We all have been in the situation where we are faced with a seemingly massive task that requires many steps and some effort to resolve. Perhaps it’s a pile of papers to sort through, maybe it’s a list of drawers to clean around the house or maybe it’s a project to design a flyer for your business. Whatever it is, looking at it in its entirety can be very daunting – and this can often lead to you delaying in even attempting to complete it as you anticipate it will need a lot of time, which you are pressed for in the best of circumstances! So in the end the pile persists, the to do list remains unchecked and the project is a nonstarter– and all the time you are filled with a looming sense of burden in your mind till it can get done.
I have been there a few times but as a lover of “Getting Things Done, I’m always open to trying approaches to conquering the to do list. Recently I was inspired to try a new approach to attacking a burdensome task that had been on my to do list for a long time. It worked so well that I would love to share it with you too!
I had a task to do that was not something difficult – I needed to sort through a collection of items that had accumulated on my dresser over some time. It was a box consisting of a broken bracelet, a lone earring, perhaps a broken clasp that needed fixing- that kind of stuff. I found it really challenging to find the time -and energy, to just knuckle down and sort through it all and each time I laid eyes on the box, I felt a sense of dread and annoyance which wasn’t pleasant- and I knew wasn’t healthy for me either!
So I tried a newly inspired “One-A-Day approach”. Here are my findings:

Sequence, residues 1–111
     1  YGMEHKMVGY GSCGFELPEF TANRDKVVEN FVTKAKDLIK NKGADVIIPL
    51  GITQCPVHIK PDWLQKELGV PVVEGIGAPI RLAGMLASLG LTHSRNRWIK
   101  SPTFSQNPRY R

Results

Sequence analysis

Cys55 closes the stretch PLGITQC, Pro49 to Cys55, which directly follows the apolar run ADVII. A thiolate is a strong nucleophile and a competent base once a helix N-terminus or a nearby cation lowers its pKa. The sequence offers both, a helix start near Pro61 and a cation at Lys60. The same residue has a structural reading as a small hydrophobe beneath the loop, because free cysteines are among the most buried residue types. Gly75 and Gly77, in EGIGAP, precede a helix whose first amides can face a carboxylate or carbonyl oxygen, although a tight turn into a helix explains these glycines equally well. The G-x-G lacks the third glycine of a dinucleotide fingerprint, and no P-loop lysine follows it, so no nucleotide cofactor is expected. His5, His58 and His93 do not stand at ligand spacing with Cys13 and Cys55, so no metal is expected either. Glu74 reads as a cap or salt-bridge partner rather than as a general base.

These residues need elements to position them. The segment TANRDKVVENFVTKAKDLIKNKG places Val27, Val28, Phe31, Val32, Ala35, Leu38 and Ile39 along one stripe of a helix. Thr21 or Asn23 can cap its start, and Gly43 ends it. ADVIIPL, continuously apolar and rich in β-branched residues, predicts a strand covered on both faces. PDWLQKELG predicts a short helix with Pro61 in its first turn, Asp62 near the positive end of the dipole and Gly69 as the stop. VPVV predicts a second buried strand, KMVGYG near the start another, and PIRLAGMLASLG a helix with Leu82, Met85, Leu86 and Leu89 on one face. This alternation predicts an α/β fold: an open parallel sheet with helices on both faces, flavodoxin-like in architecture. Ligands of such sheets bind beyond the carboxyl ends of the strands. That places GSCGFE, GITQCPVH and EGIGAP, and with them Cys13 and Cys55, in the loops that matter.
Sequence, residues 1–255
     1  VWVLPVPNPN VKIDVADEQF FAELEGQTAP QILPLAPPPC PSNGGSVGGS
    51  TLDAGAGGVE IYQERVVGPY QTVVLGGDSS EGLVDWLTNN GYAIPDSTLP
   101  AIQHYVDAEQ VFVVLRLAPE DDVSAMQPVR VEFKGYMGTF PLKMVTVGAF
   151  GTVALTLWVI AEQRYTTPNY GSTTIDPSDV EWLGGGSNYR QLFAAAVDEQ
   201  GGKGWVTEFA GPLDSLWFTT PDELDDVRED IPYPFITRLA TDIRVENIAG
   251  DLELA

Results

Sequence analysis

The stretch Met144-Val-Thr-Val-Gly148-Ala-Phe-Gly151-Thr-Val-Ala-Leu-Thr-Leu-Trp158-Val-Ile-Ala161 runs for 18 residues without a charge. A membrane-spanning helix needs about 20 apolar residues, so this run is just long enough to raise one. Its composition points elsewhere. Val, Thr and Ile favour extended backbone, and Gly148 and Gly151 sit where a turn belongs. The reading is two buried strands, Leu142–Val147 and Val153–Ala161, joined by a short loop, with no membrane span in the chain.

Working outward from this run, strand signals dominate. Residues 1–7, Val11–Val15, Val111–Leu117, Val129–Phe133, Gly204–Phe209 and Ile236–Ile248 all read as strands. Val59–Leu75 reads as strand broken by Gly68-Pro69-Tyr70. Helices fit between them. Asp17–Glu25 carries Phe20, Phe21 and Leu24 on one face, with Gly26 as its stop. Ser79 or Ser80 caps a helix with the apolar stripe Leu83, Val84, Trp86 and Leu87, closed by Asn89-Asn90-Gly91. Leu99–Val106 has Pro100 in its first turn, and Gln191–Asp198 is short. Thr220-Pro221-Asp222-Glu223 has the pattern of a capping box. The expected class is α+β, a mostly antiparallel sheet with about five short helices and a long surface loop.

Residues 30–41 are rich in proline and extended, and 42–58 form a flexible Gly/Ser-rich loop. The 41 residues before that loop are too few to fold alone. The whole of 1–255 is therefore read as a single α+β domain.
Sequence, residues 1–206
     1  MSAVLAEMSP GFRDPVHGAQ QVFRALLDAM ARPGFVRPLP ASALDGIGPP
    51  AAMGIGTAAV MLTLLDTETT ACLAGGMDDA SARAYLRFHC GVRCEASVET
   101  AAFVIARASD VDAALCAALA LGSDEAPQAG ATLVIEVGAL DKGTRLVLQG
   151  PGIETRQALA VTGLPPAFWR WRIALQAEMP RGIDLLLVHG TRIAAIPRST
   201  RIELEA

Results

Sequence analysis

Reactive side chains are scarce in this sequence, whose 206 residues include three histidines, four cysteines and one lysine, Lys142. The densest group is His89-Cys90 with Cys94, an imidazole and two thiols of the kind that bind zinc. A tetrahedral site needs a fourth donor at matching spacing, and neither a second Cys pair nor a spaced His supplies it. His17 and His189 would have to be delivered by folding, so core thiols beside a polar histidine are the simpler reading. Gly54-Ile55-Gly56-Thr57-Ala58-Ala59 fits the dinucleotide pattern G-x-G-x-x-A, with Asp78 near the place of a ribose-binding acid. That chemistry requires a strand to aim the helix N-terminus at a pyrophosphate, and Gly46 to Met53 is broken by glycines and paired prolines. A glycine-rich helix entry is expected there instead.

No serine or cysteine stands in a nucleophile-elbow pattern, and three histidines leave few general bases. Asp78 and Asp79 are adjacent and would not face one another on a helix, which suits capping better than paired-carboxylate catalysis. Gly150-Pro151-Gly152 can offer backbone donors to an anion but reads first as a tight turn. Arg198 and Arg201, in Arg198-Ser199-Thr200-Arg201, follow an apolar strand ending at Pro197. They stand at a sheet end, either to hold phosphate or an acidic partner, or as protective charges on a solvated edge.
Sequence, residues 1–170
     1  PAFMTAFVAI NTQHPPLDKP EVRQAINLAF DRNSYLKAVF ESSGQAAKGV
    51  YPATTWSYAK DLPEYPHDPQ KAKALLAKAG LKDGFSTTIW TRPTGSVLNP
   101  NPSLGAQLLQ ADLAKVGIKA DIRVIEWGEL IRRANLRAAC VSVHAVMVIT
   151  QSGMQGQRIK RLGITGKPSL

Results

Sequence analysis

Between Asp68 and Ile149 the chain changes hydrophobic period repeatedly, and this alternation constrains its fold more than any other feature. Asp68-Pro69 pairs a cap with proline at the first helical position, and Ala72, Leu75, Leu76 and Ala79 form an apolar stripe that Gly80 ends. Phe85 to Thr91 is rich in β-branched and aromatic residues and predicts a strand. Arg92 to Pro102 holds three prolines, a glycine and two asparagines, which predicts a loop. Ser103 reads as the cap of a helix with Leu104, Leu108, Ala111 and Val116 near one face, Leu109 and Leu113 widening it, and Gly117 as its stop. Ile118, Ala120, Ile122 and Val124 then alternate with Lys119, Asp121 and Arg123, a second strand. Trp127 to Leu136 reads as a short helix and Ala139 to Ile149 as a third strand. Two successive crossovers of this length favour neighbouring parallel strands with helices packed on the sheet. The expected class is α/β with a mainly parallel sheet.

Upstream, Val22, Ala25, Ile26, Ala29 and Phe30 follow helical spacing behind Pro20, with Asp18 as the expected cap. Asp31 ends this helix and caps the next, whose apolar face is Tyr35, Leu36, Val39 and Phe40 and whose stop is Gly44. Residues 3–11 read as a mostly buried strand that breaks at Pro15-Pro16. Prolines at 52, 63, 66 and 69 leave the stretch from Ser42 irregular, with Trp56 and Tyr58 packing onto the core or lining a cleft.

Old approach: Wait for a day where I could commit two hours to sitting down and sorting through the box.
Result: Weeks went by, and I wasn’t able to find the time to tackle the task.
New One-A-Day approach: Break the task down into steps (in this case divide the box into 10 items that needed sorting/packing away) and do just one thing a day in that task. For me, that meant putting away just one thing from my box away a day. No more, and no less.
Result: I enjoyed having a much smaller task to focus on a day. Putting away one thing meant only committing five minutes in my day, which was much more manageable. After ten days, my box was empty and my task was completed! And each day seeing the pile getting smaller was a great mental boost.
So whilst this took ten days to finally complete, at least it finally did get completed! Perhaps at the outset ideally I wouldn’t have wanted to wait ten days to do the job, but in reality if I waited to get it all done in one day I would have waited way more than ten days!
I now do this for anything I have to complete – like watching a series of clips from a recorded conference or talk, cleaning my study desk, or studying material for a course – it can be applied to anything!
All the best with trying the One-A-Day Approach and do let me know how you get on.